THE HUM A Gong Sound Bath and panel discussion 'Inventing Sensations'
Thursday 23rd March 2017, 6:30pm
The Bartlett School of Architecture
22 Gordon Street, London, WC1H 0BQ
Mihaela Mitrovic (Architect, cognitive scientist, neuroscientist and film scholar)
Matthias Sperling (Choreographer and performer)
Ava Aghakouchak (Architectural Designer)
Jarvia Foxter (Osteopath and Diagnostic Radiographer)
THE HUM: ‘Inventing Sensations’ was a public panel discussion that looked at ways lab-based experiments within the brain sciences, are being critically explored through art, design, architecture and dance to create embodied, performed and experiential encounters.
On one hand, the title ‘Inventing Sensations’ refers to a common laboratory practice: of controlling environmental stimulus to objectively map and measure a subject’s physical and cognitive reactions. Yet simultaneously, it points towards a potential future that knowledge from the brain sciences could unlock: a world of trans-realities, of environmentally or technologically enhanced emotions, sensations, and movements.
Through presentations and screenings the panel proposed potential applications of brain knowledge in culture, and considered ways these may destabilise our learned habits of perception and cognition.
About the Hum
THE HUM is a series of events produced by Amy Croft, artist-in-residence at the Interactive Architecture Lab, with support from The Leverhulme Trust. THE HUM provides moments when the background hum of Croft’s research at UCL comes to the fore, exploring internal states of being, with invited experts who have informed her ongoing work.
About the Panel
Engineer of architecture and cognitive scientist Mihaela Mitrovic, presented her current research into the emotion of awe and the ways it is elicited by the natural or the built environment, alongside its experience in performances or works of art.
Image Credit: Documentation of “Now That We Know” courtesy of Matthias Sperling. Photographer: Pari Naderi.
Matthias Sperling (Choreographer and Performer) discussed his performance lecture “Now That We Know” (2016) which was showcased at Sadlers Wells in September 2016 and recently performed at Nottingham Contemporary and Wellcome Collection. A science fiction work, “Now That We Know” presents a hypothetical future when science discovers precisely how our bodies give rise to our minds. Taking a choreographic perspective, Sperling freely imagines plausible, absurd, thrilling or worrying scenarios, each informed by research spanning choreography, neuroscience, social science and philosophy. Key to this work, and Matthias’ engagement with the brain sciences in his practice, has been an ongoing collaboration with cognitive neuroscientist Guido Orgs, with whom he has also made choreographic materials for the context of scientific experiments.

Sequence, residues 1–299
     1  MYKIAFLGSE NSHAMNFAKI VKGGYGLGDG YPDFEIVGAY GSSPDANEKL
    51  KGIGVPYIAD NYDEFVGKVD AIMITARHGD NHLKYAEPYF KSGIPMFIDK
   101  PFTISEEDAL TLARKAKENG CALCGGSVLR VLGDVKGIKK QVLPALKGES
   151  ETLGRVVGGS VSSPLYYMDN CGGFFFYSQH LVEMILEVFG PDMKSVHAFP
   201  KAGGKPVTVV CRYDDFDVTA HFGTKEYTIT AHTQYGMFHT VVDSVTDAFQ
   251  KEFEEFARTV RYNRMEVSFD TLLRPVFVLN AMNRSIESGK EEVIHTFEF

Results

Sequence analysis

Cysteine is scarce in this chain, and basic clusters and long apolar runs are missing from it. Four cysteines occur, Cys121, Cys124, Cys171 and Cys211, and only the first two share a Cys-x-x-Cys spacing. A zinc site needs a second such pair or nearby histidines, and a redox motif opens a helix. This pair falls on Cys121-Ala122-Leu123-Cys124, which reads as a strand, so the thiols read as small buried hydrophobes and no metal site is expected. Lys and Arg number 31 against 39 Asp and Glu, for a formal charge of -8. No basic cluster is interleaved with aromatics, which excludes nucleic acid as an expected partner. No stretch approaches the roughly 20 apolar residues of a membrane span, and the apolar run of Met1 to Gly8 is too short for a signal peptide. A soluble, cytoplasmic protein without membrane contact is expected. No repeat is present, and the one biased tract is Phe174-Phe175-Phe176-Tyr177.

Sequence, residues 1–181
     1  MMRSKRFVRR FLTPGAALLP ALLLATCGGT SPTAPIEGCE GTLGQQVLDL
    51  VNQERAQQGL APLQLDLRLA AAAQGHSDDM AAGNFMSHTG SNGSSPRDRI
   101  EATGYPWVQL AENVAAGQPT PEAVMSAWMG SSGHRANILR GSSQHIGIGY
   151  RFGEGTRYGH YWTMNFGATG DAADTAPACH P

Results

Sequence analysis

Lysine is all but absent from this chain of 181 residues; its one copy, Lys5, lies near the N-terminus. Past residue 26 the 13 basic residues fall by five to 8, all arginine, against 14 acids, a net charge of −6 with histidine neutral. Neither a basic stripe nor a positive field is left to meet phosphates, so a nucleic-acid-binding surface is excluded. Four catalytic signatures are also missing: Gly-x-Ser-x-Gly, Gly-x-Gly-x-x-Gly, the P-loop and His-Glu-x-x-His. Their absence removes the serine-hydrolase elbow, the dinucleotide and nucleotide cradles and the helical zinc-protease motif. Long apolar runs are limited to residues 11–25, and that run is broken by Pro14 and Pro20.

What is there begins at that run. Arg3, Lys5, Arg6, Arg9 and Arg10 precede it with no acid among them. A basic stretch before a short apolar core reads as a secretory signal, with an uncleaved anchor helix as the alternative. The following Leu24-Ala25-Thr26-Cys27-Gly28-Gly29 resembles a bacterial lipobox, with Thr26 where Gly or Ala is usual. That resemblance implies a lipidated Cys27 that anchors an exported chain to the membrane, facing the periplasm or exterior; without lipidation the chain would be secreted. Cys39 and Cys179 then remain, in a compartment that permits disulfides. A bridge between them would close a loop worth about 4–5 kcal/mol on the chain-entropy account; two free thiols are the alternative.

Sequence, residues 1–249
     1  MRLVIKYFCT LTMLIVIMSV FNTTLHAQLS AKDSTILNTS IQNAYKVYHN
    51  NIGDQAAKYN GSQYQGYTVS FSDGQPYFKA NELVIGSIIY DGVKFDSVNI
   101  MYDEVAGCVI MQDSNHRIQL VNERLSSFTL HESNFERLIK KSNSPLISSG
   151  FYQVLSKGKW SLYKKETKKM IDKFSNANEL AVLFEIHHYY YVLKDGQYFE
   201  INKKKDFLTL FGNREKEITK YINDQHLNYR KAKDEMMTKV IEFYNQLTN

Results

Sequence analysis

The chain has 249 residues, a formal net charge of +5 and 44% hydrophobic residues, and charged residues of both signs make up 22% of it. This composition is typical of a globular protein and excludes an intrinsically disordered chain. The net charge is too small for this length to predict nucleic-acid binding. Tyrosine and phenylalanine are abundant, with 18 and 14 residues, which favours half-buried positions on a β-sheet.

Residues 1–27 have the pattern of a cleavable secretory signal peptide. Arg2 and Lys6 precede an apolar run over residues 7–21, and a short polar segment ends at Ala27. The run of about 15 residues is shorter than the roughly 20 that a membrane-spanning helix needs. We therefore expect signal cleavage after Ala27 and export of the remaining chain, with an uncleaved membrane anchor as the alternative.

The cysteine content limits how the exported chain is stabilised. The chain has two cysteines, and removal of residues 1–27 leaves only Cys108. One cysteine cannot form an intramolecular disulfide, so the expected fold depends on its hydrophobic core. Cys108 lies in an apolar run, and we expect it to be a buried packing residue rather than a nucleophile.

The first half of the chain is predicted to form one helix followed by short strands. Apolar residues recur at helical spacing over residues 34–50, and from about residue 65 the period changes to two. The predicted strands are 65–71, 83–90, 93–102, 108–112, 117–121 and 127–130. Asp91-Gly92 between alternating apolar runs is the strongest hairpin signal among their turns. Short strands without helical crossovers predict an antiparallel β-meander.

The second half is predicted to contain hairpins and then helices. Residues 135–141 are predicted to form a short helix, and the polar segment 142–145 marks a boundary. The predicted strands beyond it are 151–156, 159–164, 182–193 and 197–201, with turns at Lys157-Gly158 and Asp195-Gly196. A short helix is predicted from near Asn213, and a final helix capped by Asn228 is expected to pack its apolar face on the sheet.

Ava Aghakouchak (Architectural Designer) discussed her current engagement in the sciences growing understanding of how the brain binds elements of sensory input into a single experience, and her interest in situations where the relation between stimulus and sensation becomes obscure; such as in the condition of synaesthesia. Ava applies this research to the design of speculative scenarios, such as a performance involving networked sensations or in the case of her recent work ‘Sarotis’ (2016) to the ways that technologies such as wearable soft robotics and 3D-vision systems may enhance how we sense environments that are both real and virtual. 'Sarotis’ was developed in collaboration with Maria Paneta at the Interactive Architecture Lab, and highlighted by Domus as one of the best design projects of 2016.
Prior to the panel discussion, THE HUM hosted a Gong Sound Bath led by gong practitioner Jarvia Foxter. This intimate gathering marked the beginning of Croft’s artist-in-residence at the Interactive Architecture Lab, with a sonic experience composed to induce a profound state of rest through a process of neural entrainment.
This first HUM event was hosted in partnership with the Performance Interactions Lecture Series (PIxLS) held by the Bartlett’s new master programme: M.Arch Design for Performance & Interaction.